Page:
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Specifically mucinous adenocarcinoma

Kathleen808's picture
Kathleen808
Posts: 2361
Joined: Jan 2009

Hi Everyone,

Dick just finished his 28th treatment. He unhooked yesterday and helped me set up my classroom all day today. He is a wonderful man.

He wants to know who out there also has mucinous adenocarcinoma and what your story is. In other words is there a pattern with this cancer? Did you find a treatment that worked? (I know what does worked mean? 1 year, 5 years, 10 year?)

That would be great if you could share you story.

Aloha,
Kathleen

dorookie's picture
dorookie
Posts: 1736
Joined: Jul 2007

But wanted to say how great it is to still have Dick with us, as I am sure you are...I am so happy that you two have each other..God Bless you both

HUGS
Beth

Kathleen808's picture
Kathleen808
Posts: 2361
Joined: Jan 2009

Beth,

You have always been great support for us. :)

aloha,
Kathleen

dorookie's picture
dorookie
Posts: 1736
Joined: Jul 2007

Kathleen, you have always been great support for me as well, thank you...

HUGS
Beth

It truly is amazing the relationships (friendship) that are made here on this board huh?

Crow71's picture
Crow71
Posts: 681
Joined: Jan 2010

Hey Kathleen - Dick and I don't have the same kind. Sorry I can't help. I just wanted to tell you that I think about you and Dick all the time. Loved the recent surfing post. A surfing friend of mine says there is one great spot for surfing on the NC coast and we're going to go when I get better.
I'm supposed to be teaching 3rd grade. I wish I was setting up my classroom now too. Oh well, perhaps next year.
Take care. Roger

Kathleen808's picture
Kathleen808
Posts: 2361
Joined: Jan 2009

Roger,
I bet you are a wonderful teacher! I pray you are back in the class next year.

Aloha,
Kathleen

John23's picture
John23
Posts: 2141
Joined: Jan 2007

You can find some info on this website's forums, in the archives:

http://csn.cancer.org/search/node/mucinous+adenocarcinoma

I wish you both all the best wishes.

John

Kathleen808's picture
Kathleen808
Posts: 2361
Joined: Jan 2009

Thanks John

bdee
Posts: 305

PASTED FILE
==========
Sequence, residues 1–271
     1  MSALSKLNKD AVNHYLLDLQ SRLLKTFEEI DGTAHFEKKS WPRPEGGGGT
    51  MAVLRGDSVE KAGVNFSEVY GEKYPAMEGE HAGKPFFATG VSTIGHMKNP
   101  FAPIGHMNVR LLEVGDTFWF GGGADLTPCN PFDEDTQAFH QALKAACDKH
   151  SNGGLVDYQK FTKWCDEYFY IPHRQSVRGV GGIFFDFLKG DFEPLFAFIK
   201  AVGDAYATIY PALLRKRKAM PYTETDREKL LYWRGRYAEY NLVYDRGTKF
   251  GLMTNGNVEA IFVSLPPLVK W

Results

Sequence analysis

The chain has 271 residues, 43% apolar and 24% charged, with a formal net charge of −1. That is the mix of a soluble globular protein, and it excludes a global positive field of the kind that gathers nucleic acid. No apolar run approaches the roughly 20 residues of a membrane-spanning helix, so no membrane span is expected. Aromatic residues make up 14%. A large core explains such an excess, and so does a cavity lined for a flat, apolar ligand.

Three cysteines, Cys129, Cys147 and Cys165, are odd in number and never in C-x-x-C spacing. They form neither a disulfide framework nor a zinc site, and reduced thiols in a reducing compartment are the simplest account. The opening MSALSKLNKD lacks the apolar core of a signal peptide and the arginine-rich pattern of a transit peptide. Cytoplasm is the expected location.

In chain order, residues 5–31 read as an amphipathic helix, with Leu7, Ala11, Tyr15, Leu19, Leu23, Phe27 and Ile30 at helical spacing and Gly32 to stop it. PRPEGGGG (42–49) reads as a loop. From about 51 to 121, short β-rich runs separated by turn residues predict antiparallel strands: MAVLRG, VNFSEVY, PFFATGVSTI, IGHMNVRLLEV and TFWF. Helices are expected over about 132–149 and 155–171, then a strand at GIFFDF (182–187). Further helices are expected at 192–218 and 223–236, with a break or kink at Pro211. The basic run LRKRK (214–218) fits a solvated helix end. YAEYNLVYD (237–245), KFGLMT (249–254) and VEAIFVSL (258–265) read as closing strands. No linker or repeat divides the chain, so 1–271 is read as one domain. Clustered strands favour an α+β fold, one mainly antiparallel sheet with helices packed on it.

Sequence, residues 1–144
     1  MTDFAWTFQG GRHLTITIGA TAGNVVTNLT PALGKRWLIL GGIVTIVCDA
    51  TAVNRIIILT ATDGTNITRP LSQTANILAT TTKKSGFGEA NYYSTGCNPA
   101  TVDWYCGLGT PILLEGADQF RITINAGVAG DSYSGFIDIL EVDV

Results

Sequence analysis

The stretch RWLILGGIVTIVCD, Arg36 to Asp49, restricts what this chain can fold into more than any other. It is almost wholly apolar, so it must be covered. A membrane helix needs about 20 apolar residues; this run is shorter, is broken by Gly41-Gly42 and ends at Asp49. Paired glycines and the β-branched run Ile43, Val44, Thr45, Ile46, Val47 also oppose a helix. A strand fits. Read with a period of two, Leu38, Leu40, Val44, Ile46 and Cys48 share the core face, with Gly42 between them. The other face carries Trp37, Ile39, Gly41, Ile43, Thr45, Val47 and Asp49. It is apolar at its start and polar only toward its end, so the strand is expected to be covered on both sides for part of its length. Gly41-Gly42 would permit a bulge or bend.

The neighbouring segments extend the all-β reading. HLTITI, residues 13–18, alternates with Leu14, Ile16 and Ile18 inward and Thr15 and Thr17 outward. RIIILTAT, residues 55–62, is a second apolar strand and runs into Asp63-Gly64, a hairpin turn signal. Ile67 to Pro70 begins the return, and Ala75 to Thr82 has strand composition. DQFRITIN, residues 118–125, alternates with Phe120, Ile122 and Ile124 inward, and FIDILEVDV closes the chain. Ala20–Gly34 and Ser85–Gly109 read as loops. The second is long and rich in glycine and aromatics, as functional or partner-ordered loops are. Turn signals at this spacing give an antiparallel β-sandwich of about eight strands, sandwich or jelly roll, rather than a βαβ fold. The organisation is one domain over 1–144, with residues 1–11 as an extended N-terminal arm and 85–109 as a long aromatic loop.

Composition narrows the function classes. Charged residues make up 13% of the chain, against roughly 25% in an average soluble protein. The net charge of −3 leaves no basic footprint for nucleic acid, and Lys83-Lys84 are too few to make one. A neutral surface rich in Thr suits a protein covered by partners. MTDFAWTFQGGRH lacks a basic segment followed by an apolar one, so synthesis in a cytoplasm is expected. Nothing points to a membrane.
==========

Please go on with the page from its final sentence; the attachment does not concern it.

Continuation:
Joined: Feb 2009

I was diagnosed with this very rare form of cancer of the appendix January 23, 2009. I have been having chemo treatments since February '09. According to my doctor, I will have chemo treatments until the end of my life with no hope of a cure. I have seven tumors left over from my cancer. In the last 19 months my tumors have all grown. Since April '10 until late July '10 one of them has grown from 6.5 cm to 8.5 cm. The biggest growth of any one tumor and I now have fluid building up in the pelvis are that is believed to contain mucinous adenocarcinoma. No doctor in Arkansas had ever seen this type of cancer, so they put me in the Stage IV Colon Cancer category for cancer statistics here in Arkansas instead of appendix cancer or mucinous adenocrcinoma.
My chemo is every other week, a mixture of 5FU, Louvecorin, Avastin and CPT-11. My first four months I had Oxylplatin rather than CPT-11, but Oxy almost killed me. I went from March '10 to June '10 with just 5FU, Louvecorin and Avastin, then my CEA started rising at an alarming pace, that's why my Onc started adding CPT-11. It made me lose my hair again and me CEA has gone back down to 8.4, so even though the CEA is looking good the CT scan sucks.
Sorry all my story is bad news. I was told my outlook with chemo would be 2-5 years.

Debbie in Arkansas

impactzone's picture
impactzone
Posts: 510
Joined: Aug 2006

Always appreciate your support. I am setting up my room again. 24 years teaching now. I won't start the year out as I go in for 3rd lung surgery on the 16th but I 've got my Eddie Went shirt. You might want to check out that other link I sent from Al Merricks son who is the pastor in Carpinteria.
All my best and I'm sorry I don't have info on adenocrcinoma. Have you checked out MD Anderson in Houston. I got some info on pencil beam proton therapy and I do not know if that could help. It seems that a lot of raods lead to Anderson.
Chip

abrub's picture
abrub
Posts: 1880
Joined: Mar 2010

And yet, with surgery and limited chemo, my mucinous adenocarcinoma of the appendix, stage 4, is in full remission. I've been done with treatment for over 2 years.

It depends on how the tumor has spread, and the details of the tumor (mine was "low-grade, slow growing mucinous adenocarcinoma".)

Cancer stories for the same cancer can be good and can be bad. It's important to work with the best oncologists and cancer centers available to you - that makes a huge difference.

I know that with another surgeon, I probably would have had a colostomy - temporary or permanent, don't know,as I was resected in 2 places: sigmoid colon and colo-ileac junction. My surgeon put me back together without an ostomy. You need the best care you can get. And someone else's outcome doesn't define yours.

angelsbaby's picture
angelsbaby
Posts: 1171
Joined: May 2008